With an ever-changing line-up and a history of chemical indulgence many would balk at, it's something of an achievement that The Mirror Explodes, The Warlocks fifth album, also marks a decade of existence for the band. Having cut his teeth as a member of Anton Newcombe's travelling circus The Brian Jonestown Massacre, main Warlock Bobby Hecksher is no stranger to upheaval; the fact at least one band member has constantly changed on every successive record is perhaps to be expected.
Indeed, there is no such thing as a "classic" Warlocks line-up, a factor made more apparent by the consistently high standards set by each of their releases. Although possibly the shortest long player they've ever constructed, The Mirror Explodes is no less endearing. Whereas previous albums Surgery and Heavy Deavy Skull Lover both seemed to focus on skullcrushingly loud atmospherics, this feels like more of a comedown, a document to accompany the aftermath of a psychedelic trip to enlightenment, or as some might say, just another average day in the life of The Warlocks.
However, what you and I may consider to be average would be a million miles away from Hecksher and co., as song titles like 'Standing Between The Lovers Of Hell' and 'There Is A Formula To Your Despair' suggest. With the current shoegaze revival in full swing, they've probably chosen the right time to unleash The Mirror Explodes, although one accusation no one could ever level at The Warlocks would be to brand them as calculated mercenaries; far from it in fact, as their refusal to build on the (near) commercial success of album number two Phoenix seven years ago evidently demonstrates.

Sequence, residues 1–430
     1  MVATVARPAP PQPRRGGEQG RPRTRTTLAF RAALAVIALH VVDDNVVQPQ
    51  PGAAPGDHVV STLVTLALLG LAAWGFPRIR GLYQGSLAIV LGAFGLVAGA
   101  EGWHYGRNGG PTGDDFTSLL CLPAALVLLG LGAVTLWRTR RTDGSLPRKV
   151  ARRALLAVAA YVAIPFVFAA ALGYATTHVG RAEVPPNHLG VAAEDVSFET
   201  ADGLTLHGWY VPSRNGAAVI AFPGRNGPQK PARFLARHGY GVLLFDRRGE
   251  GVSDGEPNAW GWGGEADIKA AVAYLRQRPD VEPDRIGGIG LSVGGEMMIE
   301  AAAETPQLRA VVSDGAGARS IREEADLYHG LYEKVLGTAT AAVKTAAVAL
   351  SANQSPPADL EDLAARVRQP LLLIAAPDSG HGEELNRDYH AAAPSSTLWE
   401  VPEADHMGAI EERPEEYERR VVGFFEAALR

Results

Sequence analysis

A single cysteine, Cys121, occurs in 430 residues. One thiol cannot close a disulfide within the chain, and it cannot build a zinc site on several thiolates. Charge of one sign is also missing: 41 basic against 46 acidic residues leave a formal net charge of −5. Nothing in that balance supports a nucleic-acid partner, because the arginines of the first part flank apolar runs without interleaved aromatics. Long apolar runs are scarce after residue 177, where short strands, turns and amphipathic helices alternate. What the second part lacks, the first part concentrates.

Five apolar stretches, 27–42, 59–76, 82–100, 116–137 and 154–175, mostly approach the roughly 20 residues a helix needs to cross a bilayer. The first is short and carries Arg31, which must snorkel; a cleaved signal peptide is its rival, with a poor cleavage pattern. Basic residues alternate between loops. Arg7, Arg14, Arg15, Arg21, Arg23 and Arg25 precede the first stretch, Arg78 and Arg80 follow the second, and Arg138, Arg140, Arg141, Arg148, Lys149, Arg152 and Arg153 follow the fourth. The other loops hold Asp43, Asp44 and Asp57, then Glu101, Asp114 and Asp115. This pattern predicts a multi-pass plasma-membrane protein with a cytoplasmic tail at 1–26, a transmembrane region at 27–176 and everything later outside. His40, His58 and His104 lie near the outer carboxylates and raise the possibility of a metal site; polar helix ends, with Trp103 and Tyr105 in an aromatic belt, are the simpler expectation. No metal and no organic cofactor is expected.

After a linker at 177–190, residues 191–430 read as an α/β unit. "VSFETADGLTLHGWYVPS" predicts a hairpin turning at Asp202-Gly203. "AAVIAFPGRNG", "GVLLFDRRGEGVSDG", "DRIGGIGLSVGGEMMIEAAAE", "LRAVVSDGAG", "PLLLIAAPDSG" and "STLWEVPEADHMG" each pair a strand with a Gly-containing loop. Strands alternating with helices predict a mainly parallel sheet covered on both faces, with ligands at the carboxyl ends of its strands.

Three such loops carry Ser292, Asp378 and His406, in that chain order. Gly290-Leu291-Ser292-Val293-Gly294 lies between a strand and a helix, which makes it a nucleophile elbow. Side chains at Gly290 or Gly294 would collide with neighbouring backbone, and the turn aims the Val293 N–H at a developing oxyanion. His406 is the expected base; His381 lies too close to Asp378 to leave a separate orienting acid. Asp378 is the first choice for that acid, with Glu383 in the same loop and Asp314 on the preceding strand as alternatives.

Despite their being a more mellow aura throughout the record, there's still a gnawing level of intensity, not to mention the band's legendary three-guitar assault. New bassist Jana Risher also brings a more dominant, brooding kind of menace to their already cataleptic sound, transforming the aforementioned 'Standing Between The Lovers Of Hell' and closing epic 'Static Eyes' into orgasmic trance-like epilogues that shift between drone and dirge effortlessly.
Gone are the days when songs like 'Baby Blue' or 'Hurricane Heart Attack' could be considered radio-friendly in a perverse parallel universe. None of the eight pieces of music here fit into that vein in any way shape or form. 'Red Camera' and 'Slowly Disappearing' both evoke morbid fantasies (or should that be nightmares?) yet prove richly engaging, while the penultimate surge of 'Frequency Meltdown' - the now customary instrumental jam that The Warlocks include on nearly all of their albums - is possibly their most incisive to date, a swirling six-minute opus that mixes Sound Of Confusion-era Spacemen 3 dynamics with a structure reminiscent of the first Doors record.
That this record will probably go largely ignored by many is rather sad. Though no longer flavour of the month in 'cool' circles, as far as The Warlocks are concerned it's business as usual, and The Mirror Explodes is up there with their finest works to date.
8Dom Gourlay's Score